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2001 Jordan Institute
for Families

Vol. 6, No. 2
May 2001

African American Families and Child Welfare

• Reported more often to social services for child abuse and neglect.

• More likely to have charges of abuse and neglect substantiated.

• Receive fewer preventive services.

• More likely to have their children placed in out-of-home care.

• Children stay in foster care longer.

• Black children overrepresented among those awaiting adoption.

• Fewer prospective African-American adoptive families.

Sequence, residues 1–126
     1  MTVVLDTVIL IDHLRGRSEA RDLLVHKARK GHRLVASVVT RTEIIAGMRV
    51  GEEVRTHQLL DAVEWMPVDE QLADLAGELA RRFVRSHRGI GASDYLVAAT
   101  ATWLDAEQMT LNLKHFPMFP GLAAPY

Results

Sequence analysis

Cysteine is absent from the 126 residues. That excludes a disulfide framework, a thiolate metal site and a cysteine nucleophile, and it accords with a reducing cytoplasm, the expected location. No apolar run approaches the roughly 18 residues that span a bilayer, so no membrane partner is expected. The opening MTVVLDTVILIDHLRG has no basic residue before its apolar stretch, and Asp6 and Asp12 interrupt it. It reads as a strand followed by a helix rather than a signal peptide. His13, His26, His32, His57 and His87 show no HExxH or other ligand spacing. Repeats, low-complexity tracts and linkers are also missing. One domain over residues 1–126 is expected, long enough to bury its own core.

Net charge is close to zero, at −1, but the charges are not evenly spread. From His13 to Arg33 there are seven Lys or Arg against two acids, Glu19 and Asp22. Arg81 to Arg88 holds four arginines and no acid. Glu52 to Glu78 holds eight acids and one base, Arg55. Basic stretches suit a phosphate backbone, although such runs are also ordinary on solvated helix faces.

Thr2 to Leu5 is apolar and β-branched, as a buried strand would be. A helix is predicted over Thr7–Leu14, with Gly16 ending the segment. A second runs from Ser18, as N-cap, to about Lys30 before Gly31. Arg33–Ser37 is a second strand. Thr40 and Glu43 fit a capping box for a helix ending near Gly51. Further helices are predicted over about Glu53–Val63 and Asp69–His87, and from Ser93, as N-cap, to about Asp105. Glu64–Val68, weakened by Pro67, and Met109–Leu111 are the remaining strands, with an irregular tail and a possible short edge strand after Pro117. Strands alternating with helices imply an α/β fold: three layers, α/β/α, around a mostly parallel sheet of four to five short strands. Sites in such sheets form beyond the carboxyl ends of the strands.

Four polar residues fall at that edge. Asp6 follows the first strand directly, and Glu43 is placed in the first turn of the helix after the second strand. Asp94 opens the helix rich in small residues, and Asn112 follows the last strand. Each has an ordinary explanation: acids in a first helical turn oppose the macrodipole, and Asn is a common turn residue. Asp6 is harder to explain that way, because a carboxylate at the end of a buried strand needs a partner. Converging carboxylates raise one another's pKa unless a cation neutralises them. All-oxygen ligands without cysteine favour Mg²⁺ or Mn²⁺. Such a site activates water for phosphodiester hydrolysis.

• Receive fewer services overall.

• Social workers have fewer face-to-face contacts with black families.

• Black foster parents and kinship providers receive fewer services.

• Fewer visits occur between black parents, children, and siblings.

• Higher occurrence of termination of parental rights.

• Less legal representation.

• Black children involved in more transracial adoptions.

Source: Review of research literature by Connie Polk, NC Division of Social Services (2000).